Building on its popular Biomechanics 101 Introduction, Noraxon turns it attention to the fundamental pillar of biomechanics: electromyography, or EMG. This informative session covers signal origin, acquisition, processing and analysis for a comprehensive and practical understanding of EMG research and assessment.
In addition to basic physiological and biomechanical studies, kinesiological EMG is an established evaluation tool for applied research, physiotherapy/rehabilitation, sports medicine and performance, and interactions of the human body with industrial products and work conditions.
The use of EMG starts with the basic question: “What are the muscles doing?” With the proper study/evaluation design, tools and procedures, important information follows:
- Measurement of muscle performance
- Precise data that supports pre- and post-surgical decision-making
- “Finding” and “training” muscles
- Reporting and analysis for injury treatment and return to sport and performance objectives
- Detection and documenting muscle response in ergonomic conditions
Using a series of research and clinical application examples, our presenters discuss the role of EMG within biomechanical studies and cases, summarizing selected scientific concepts, comparing and contrasting protocols and systems used, as well as highlighting appropriate experimental technique.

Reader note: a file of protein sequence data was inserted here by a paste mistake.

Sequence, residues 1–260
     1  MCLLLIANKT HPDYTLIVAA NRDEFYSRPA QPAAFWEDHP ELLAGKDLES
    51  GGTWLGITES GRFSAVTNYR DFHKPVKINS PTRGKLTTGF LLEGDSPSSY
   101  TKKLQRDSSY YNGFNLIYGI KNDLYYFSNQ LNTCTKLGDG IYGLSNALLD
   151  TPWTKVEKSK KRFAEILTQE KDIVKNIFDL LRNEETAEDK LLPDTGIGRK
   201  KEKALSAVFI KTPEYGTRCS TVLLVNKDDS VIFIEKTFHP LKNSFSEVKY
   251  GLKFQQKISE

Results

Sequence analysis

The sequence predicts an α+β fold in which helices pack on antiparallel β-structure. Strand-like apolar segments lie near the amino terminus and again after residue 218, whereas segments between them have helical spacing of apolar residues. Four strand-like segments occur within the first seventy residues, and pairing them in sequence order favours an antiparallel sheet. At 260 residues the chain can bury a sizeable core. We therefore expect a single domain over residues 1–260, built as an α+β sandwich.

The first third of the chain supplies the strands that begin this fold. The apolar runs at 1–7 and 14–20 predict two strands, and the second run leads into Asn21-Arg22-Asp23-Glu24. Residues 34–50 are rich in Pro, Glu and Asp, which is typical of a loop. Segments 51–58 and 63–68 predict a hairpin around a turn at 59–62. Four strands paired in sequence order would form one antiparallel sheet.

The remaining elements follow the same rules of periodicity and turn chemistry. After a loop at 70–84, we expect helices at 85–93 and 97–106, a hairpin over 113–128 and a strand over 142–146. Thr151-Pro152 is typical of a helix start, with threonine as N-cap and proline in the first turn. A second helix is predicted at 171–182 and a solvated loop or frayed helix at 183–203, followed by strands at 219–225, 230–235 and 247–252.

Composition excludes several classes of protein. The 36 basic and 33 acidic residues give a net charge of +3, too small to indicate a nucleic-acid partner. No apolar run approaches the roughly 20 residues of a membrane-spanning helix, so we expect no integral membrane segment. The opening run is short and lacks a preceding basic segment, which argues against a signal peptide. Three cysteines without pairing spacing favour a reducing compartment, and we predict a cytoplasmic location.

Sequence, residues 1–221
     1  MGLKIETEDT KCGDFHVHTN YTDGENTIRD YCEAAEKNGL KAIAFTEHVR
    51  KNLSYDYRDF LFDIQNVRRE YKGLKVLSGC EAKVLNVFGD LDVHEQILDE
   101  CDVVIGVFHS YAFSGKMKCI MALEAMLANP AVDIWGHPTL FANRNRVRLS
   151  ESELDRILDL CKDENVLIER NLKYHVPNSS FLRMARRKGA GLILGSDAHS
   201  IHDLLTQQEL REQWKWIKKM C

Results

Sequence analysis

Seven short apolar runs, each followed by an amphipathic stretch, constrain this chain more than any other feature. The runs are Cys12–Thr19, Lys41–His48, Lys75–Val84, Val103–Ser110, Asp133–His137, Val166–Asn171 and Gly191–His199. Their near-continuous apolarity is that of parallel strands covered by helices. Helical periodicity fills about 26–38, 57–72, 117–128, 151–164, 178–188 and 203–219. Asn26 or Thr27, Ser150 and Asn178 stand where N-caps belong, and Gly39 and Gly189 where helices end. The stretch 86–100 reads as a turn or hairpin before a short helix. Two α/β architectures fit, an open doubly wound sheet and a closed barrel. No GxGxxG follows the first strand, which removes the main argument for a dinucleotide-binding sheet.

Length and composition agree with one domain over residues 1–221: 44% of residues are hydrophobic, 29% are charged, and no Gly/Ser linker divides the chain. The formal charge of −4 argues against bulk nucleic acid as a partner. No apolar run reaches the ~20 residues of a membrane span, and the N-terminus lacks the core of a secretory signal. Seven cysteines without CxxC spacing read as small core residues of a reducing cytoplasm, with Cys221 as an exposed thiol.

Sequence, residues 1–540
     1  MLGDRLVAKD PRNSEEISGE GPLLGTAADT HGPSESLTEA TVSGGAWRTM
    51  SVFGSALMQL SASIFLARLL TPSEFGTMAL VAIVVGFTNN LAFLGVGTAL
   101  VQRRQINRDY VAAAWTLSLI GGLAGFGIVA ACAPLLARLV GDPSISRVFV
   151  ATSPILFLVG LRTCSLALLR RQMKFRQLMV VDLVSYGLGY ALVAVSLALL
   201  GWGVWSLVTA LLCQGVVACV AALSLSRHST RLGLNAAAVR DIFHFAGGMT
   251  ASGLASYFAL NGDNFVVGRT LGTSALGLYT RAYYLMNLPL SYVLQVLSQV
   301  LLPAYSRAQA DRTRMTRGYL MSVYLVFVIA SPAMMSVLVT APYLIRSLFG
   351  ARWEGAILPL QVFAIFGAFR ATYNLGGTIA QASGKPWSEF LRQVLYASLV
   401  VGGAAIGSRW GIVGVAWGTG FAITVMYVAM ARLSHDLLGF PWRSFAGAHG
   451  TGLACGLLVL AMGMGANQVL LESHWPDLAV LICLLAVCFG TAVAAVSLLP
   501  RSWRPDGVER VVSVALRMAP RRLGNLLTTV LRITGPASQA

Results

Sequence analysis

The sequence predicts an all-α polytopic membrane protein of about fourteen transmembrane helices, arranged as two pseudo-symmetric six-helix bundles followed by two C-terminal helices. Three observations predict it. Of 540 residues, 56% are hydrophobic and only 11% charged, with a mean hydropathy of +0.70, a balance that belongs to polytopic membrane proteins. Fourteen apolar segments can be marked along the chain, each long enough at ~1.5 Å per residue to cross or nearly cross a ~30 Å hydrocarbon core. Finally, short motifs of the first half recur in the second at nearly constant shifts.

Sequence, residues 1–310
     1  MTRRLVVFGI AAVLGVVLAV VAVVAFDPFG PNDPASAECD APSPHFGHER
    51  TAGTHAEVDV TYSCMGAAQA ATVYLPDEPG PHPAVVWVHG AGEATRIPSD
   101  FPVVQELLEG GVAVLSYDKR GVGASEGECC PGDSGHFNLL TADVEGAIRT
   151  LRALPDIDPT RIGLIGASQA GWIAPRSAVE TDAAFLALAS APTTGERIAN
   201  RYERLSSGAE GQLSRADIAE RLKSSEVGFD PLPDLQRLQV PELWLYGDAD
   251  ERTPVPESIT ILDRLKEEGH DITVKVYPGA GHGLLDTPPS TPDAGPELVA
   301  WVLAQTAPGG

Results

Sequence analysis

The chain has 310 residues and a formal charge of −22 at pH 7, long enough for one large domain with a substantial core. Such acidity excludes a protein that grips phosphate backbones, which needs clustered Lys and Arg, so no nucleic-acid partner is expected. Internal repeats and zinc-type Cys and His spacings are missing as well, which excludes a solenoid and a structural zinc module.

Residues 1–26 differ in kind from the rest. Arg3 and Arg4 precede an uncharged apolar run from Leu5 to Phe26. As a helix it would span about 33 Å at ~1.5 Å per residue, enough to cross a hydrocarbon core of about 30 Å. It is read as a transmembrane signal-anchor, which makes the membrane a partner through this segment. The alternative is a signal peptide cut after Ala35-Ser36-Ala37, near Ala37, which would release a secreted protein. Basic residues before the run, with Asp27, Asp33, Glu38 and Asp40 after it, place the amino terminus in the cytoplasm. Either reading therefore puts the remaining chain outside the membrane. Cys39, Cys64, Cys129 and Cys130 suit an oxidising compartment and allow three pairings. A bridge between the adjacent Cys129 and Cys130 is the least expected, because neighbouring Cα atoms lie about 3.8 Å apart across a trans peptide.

Key topics covered during this webinar include:
- The nature of the EMG signal; detection, amplification, artifacts
- EMG as a biomechanical assessment method: analysis questions, test standardization
- Typical signal processing procedures
- The concept and practice of Maximum Voluntary Contraction (MVC)
- How to move into the future with advanced research and clinical assessment techniques using the latest, intelligent multi-modal systems
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Coleman Bessert received his MS in Bioengineering from Arizona State University, along with basic mechanical, quality and microfluids engineering training. His personal mission is to be a catalyst in leading biomechanics research methodologies and best practices into the applied science community of clinicians, specialists, and sports scientists. Currently serving as Director of Biomechanics at Noraxon USA, applies his broad background in biomedical engineering, kinesiology, kinematic and kinetic analysis, wearable electronics, biometric monitoring, and movement training methodology to Noraxon’s biomechanics research and development initiatives.
Erin is responsible for the biomechanics curriculum for the large and well-established Kinesiology undergraduate degree program at ASU. With dozens of courses designed and taught both in-person and online, Erin incorporates multi-modal assessment technologies for practical and broad evaluations of human movement. Erin holds a BA in Health and Fitness and a MS in Exercise and Health Studies. Her personal background includes competitive gymnastics coaching, collegiate strength and conditioning, and small group fitness.